A snapshot of life without without "Obamacare".
Come this weekend, and one of my children tries to pick up a
prescription. Said child is told that we don't seem to have any
prescription-drug coverage. This comes as something of a shock as we
also have a serious, chronic illness in our house that requires a number
pf prescriptions for a number of drugs. So, on Tuesday, I begin scaling
phone trees to try and figure out what in the hell was going on in my
life. I call my spiffy new health-care company to ask them. Many buttons
to push. Many automated voices with which to chat. Ten minutes or so on
hold. Finally, a purportedly live person tells me that my prescription
benefits are being handled by... another company. I call Company No. 2.
Many buttons to push. Still more automated voices with whom to chat.
Another 10 minutes on hold. Another purportedly live person tells me
that "there doesn't seem to be any record of you in our system." It is
suggested that I call my former employer.
As it happens, I know the guy who handles this stuff there, so I get
through to him with a minimum of fuss and bother. (At this point, I feel
like throwing him a parade.) He tells me to call my former employer's
parent company — at its "Shared Services Center" — to find out what's
what's happening with my life. Many buttons to push. Many automated
voices with whom to chat. Ten minutes or so on hold. Finally, a
purportedly live person tells me that she doesn't know what's going on,
but that she will get in touch with the company who's handling the
health-insurance handling between former employer and spiffy new
health-care provider and see "what could have fallen through the
cracks." I, myself, have fallen through the cracks into hell.
A bit later, the Shared Services Center calls me back and tells me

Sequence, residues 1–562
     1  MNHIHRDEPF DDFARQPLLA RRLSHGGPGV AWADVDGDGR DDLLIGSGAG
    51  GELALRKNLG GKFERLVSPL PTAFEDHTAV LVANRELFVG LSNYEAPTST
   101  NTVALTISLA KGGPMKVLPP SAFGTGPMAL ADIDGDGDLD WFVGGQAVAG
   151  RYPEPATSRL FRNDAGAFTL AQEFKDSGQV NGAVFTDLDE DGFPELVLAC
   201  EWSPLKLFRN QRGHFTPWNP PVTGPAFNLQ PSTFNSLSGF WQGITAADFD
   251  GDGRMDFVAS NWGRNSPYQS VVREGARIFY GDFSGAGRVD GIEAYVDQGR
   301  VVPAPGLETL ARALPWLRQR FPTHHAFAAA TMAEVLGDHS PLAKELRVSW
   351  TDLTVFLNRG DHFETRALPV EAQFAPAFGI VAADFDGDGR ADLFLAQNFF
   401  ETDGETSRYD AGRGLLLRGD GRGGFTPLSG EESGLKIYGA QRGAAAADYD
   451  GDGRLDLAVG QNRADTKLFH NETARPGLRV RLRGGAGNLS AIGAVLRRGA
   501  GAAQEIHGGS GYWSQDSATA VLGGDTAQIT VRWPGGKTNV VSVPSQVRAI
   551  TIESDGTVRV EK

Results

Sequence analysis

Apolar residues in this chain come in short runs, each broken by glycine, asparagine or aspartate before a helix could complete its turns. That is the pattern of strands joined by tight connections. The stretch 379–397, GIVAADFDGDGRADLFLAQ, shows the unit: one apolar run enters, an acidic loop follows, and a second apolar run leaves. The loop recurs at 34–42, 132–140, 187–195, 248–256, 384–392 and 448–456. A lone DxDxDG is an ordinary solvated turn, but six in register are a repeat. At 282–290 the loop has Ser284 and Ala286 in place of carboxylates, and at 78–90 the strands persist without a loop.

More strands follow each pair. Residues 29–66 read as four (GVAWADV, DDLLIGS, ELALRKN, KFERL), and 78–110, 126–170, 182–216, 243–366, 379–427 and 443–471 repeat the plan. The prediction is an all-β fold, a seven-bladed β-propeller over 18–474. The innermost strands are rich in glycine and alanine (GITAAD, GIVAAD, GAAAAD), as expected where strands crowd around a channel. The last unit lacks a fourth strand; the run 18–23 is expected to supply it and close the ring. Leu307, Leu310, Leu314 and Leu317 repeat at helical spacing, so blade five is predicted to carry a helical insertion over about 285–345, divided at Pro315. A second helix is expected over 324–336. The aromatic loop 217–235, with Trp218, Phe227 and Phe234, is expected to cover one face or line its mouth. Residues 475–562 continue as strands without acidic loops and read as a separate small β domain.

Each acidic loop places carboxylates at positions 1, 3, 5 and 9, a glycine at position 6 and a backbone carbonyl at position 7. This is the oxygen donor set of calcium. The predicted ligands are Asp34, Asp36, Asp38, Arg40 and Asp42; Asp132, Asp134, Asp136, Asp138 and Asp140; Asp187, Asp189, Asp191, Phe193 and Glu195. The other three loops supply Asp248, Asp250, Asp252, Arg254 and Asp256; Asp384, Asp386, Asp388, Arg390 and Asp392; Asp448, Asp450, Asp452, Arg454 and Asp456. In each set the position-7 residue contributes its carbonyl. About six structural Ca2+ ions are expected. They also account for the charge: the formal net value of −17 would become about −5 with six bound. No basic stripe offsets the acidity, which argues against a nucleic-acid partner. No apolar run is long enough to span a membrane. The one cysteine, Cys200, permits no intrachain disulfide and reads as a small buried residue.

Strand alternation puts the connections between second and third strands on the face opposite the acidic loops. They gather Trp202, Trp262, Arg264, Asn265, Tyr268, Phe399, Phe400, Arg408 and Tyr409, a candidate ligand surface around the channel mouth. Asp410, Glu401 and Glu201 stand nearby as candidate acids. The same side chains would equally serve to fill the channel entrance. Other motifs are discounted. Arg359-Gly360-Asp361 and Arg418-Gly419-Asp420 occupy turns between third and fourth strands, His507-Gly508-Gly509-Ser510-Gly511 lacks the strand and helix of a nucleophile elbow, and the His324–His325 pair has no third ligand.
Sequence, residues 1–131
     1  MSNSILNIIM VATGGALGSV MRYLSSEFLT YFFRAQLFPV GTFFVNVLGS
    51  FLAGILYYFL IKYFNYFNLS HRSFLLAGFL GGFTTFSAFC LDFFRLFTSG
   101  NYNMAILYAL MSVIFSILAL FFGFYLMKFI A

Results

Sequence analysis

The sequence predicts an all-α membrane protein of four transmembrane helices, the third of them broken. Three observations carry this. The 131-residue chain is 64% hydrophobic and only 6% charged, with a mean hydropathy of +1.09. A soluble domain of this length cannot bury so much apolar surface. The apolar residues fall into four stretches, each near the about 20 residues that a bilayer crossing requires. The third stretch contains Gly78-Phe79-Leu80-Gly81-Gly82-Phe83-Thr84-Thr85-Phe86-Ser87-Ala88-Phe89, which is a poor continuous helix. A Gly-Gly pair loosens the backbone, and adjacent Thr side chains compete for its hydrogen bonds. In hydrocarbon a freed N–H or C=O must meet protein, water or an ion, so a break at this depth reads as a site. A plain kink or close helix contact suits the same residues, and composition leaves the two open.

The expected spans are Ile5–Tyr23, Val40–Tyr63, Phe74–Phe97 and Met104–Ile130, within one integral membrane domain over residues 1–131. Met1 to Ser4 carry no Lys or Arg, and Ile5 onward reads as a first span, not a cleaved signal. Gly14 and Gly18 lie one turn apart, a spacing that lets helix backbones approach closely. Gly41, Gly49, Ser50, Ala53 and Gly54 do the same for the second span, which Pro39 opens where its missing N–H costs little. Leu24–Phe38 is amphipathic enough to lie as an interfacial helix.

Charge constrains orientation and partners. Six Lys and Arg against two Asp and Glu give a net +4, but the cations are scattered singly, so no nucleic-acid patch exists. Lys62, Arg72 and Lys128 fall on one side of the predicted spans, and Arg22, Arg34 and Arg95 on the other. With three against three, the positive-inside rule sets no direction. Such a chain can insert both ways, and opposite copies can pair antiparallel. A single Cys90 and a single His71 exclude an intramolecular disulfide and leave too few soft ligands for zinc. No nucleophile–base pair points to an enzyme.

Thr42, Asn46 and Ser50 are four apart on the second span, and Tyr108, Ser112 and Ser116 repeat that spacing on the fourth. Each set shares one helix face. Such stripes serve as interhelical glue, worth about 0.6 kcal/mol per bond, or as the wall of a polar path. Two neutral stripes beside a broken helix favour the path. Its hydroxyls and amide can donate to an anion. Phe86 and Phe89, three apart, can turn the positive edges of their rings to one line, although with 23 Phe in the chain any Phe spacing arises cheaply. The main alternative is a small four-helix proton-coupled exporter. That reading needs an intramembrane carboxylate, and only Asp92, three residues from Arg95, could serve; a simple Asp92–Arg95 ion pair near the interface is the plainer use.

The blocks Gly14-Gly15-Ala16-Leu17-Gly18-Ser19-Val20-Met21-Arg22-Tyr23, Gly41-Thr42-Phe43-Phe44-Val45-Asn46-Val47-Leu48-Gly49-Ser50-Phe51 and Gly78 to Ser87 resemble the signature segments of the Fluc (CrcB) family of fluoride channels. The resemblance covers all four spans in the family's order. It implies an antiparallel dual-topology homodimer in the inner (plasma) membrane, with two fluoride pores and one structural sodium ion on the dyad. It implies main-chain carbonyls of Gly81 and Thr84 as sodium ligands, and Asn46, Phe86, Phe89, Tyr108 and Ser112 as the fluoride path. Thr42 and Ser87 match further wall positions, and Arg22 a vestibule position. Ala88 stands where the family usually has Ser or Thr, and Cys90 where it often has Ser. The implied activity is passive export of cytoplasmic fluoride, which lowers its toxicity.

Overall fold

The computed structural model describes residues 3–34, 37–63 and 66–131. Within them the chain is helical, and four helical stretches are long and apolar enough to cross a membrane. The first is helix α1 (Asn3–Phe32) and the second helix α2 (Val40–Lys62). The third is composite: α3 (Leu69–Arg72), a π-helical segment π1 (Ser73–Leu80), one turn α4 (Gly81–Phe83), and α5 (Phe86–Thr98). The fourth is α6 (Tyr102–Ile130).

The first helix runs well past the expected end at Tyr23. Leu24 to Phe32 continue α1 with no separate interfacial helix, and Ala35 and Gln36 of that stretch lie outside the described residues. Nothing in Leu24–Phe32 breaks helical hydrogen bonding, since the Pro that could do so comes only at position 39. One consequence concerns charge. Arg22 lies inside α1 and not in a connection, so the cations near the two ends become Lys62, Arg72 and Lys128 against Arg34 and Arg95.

all is well. I can now go pick up my prescriptions, as long as I take
along this piece of paper with several long numbers on it, which are my
various codes that I need to confirm my coverage. These look like the
numbers I would need to launch a pre-emptive ICBM strike on Kamchatka.
Off I go back to the pharmacy. I spend 25 minutes waiting with my thumb
in my ear while the nice pharmacist lady calls Company No. 2 which, for
the benefit of readers who may have joined us late, is the company that
handles my prescription drug benefits for my spiffy new health-insurance
company, the one that did so poorly with the hospital executives in
that survey. I watch the nice pharmacist lady. Many buttons to push.
Many automated voices with which to chat. Finally, she seems to be
talking to a purportedly live person.
"Oh?" she saysinto the phone. "That seems high for a co-pay."
We now must take a brief detour
into the fabulous world of our
nation's major pharmaceutical companies. As I mentioned, we have a
serious chronic illness in our house that requires many prescriptions
for many drugs. The nice pharmacist lady informs me that my co-pay for
one of these drugs has gone from $25 to $600 a month
the "drug is not a preferred one." At this point, I am seriously
thinking of leaping the counter and gulping as many serious narcotics as
I can before they subdue me.
As it happens, and as it was explained to me by my wife, who is
professionally expert in these matters both by vocation and by
education, the patent for one of said drugs is due to expire. This would
enable the manufacture of generic forms of the drug which,
theoretically, would be cheaper. So what the company does is jigger with
the formula a bit, rename it clumsily, and then re-establish the patent
on the "new" form of the drug. (Drug companies also have been accused
of buying off the makers of generic drugs.) At which point, the drug
under its old name becomes "not preferred." Zoom go the co-pays.
Charles P. Pierce, Esquire, 1/18/2012
What the GOP's "Market-Based" Health Care Looks Like
Read more about the above pharmaceutical patent document practices that have resulted in antitrust action here.